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Beck, Bernard – Multicultural Perspectives, 2013
In this article Abraham Lincoln is considered as an alternative to the usual type of patriot's hero. He reminds us of our great historical failings. He remains a figure of controversy, a national hero in only some corners of society. He is the heroic President who serves as the first compassionate defender of the downtrodden, and he is a hero…
Descriptors: Presidents, Popular Culture, Films, Change Agents
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Potter, Lee Ann – Social Education, 2014
On Tuesday, November 8, 1864, voters in 25 states--including Kansas, West Virginia, and Nevada for the first time--cast their ballots for president of the United States; voters in the 11 states that had seceded did not participate. Incumbent Abraham Lincoln ran as the Republican nominee (called the National Union Party in the 1864 election), and…
Descriptors: Presidents, Elections, Voting, United States History
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Neumann, Dave – Social Education, 2012
The American public can count on a few things during the presidential election season. First, candidates will take a moral high ground and forswear mudslinging. Before long however, they will proceed to engage in nasty accusations against their opponents. A vibrant democracy ought to welcome carefully thought-out views that, when intentionally…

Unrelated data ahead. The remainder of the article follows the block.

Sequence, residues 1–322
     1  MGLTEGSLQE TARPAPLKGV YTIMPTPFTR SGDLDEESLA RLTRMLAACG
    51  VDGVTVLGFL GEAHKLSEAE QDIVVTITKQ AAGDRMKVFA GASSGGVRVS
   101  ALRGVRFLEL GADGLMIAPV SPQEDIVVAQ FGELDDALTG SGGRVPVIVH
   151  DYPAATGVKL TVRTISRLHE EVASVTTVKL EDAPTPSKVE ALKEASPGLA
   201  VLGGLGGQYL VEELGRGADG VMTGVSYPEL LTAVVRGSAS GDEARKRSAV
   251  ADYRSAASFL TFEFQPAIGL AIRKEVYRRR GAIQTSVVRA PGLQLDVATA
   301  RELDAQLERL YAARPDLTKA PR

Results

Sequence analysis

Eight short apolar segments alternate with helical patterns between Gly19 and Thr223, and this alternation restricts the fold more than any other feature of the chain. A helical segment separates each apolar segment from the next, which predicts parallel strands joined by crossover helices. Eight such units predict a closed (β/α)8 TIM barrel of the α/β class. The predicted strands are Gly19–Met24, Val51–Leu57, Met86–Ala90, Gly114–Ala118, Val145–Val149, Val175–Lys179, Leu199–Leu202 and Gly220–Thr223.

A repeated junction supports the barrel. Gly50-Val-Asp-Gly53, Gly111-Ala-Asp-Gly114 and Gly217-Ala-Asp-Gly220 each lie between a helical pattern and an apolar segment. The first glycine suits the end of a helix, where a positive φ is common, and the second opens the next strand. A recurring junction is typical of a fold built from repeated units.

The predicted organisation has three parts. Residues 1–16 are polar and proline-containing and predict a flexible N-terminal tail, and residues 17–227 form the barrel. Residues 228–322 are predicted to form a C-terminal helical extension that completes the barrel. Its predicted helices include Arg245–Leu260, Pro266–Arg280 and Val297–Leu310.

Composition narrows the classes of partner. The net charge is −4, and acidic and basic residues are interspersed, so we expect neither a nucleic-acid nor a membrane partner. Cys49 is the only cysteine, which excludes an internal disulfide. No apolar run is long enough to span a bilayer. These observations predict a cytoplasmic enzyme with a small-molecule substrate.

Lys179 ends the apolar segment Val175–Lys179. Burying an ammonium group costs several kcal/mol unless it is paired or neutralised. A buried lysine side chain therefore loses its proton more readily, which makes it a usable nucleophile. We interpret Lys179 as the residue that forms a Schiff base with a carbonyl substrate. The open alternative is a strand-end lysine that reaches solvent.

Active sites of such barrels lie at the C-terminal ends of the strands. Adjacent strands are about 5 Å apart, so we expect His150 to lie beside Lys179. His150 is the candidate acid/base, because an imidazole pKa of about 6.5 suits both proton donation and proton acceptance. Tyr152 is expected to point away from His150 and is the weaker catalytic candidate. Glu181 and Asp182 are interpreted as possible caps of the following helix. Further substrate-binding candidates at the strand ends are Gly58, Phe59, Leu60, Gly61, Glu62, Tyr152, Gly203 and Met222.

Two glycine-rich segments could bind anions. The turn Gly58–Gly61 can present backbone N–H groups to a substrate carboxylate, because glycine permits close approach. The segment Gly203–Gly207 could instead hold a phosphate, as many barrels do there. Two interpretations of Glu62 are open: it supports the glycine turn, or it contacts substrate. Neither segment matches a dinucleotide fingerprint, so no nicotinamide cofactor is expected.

Descriptors: Slavery, United States History, Democracy, Democratic Values
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Wolfford, David – Social Education, 2013
Steven Spielberg's latest movie "Lincoln" updates Americans' national understanding of their sixteenth president and provides a partial, artful lesson on the passage of the Thirteenth Amendment that abolished slavery. Starring Daniel Day-Lewis, this movie will become a defining work on President Abraham Lincoln's character and leadership…
Descriptors: Slavery, War, Video Technology, Presidents
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Wilson, Douglas L.; Mailloux, Steven; Johnson, Nan; Stauffer, John; Wolk, Tony; Schilb, John – College English, 2009
2009 is the bicentennial of Abraham Lincoln's birth. Naturally, historians are thrilled. But what about their discipline? Why and how might Lincoln matter to English studies? In this article, the authors reflect on Lincoln and his influence on English studies. They argue that Lincoln has played or can play an important role in the college English…